Hono is designed to structure the set of all internally managed data and data streams into strictly isolated subsets. This includes the registration data and credentials of devices, internal users that are used for authentication, and the Business Applications that are part of such subsets as well.
This way of strict isolation is generally known as multi-tenancy, where a tenant is the term for such a subset. Such an isolation is essential for enabling a scalable distributed architecture to handle independent subsets as if each subset had its own installation (which would be much harder to maintain and would not benefit from runtime cost sharing).
Hono’s multi-tenancy concept is based on handling tenants as own entities. All functionality of Hono is provided in the context of a previously created tenant - except the creation of a tenant itself.
In the following the different aspects of multi-tenancy in Hono are addressed and a full overview of the concept is given.
By means of the Tenant API Hono handles tenants as own entities. The API defines how to retrieve the details of a specific tenant. This offers the possibility to handle arbitrary properties on the level of a tenant (see e.g. Protocol adapter configuration). For convenience, there are CRUD operations for the handling of tenants, which can be found in the Device Registry Management API.
When a device connects to one of Hono’s protocol adapters, the adapter determines the tenant this device belongs to. How this is done is described in the User Guide. After the tenant is determined, the adapter retrieves the details of the determined tenant by means of the Tenant API. Only if the tenant exists and is enabled the adapter further processes the data of the device that is connecting. Otherwise the connection will be closed.
Protocol adapters retrieve parts of their configuration on a tenant level by using the details of the determined tenant. This includes e.g. if a specific protocol adapter is enabled at all for this tenant, allowing to define tenants with only a subset of Hono’s functionality. This feature is foreseen to be especially important for production setups.
Example: a tenant that
Please refer to the Tenant API to find out which protocol adapter properties can be configured at the tenant level.
The AMQP 1.0 endpoints for all APIs of Hono are scoped to a tenant, by using the scheme
This separates the AMQP endpoints from each other on a tenant level.
The only exception to this is the Tenant API which does not follow this scheme since it is addressing the tenants themselves.
A physical device will usually be represented in Hono as an entity in the device registry, having a unique identity and belonging to exactly one tenant. All data sent from a device, as well as from the application to the device, is therefore treated as belonging to the corresponding tenant.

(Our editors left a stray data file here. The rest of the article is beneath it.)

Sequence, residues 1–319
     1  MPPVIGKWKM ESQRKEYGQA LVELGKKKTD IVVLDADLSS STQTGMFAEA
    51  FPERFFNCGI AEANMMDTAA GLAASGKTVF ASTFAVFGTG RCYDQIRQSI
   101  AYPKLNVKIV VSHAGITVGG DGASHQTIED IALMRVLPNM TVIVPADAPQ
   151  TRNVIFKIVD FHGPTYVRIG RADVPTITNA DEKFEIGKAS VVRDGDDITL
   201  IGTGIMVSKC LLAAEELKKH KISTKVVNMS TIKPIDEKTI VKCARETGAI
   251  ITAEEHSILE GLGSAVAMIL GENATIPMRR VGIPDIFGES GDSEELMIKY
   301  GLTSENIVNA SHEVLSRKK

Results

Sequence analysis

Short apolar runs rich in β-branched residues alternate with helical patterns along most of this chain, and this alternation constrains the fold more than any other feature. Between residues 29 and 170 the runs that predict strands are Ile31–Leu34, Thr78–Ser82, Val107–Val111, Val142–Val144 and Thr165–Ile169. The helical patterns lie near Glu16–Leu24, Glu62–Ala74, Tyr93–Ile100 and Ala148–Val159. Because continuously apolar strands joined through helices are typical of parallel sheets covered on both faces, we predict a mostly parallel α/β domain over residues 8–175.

The following diagram shows the relation between tenants, devices and their credentials:
An important detail in Hono’s architecture is that data sent downstream is transported via the tenant scoped AMQP 1.0 links from the protocol adapters to the AMQP 1.0 network. Each tenant has its own pair of AMQP 1.0 links and is treated independently from other tenants regarding the back pressure mechanism that AMQP 1.0 offers. This enables a Business application to limit the rate at which it consumes AMQP 1.0 messages per tenant.
For the other direction, when commands are sent from the application to the device, the rate is also limited per tenant.
Hono’s components authenticate each other by means of the Authentication API. The returned token for a successful authentication contains authorization information that is addressing the AMQP 1.0 endpoints. Since the endpoints (as outlined above) are scoped to a tenant, this enables to configure tenants that are authorized to only a subset of Hono’s full functionality.
Example: a tenant (defined by means of authorization configuration) that
This is done by not including the event endpoint in the authorization token for these tenants.
The northbound Business applications are always connecting to the AMQP 1.0 endpoints of Hono. By means of the authentication and authorization setup and the fact that the endpoints are scoped to a tenant, the Business application is only acting in the context of one tenant.
Tenants are separated from each other in all of Hono’s components. Here is a summary of how this is implemented:
To be flexible for the different needs of production setups, Hono tries to make as few assumptions about the combination of the different APIs as possible. This means e.g. that the Device Registry does not enforce referential integrity of the APIs:
These are points that production setups may want to implement differently.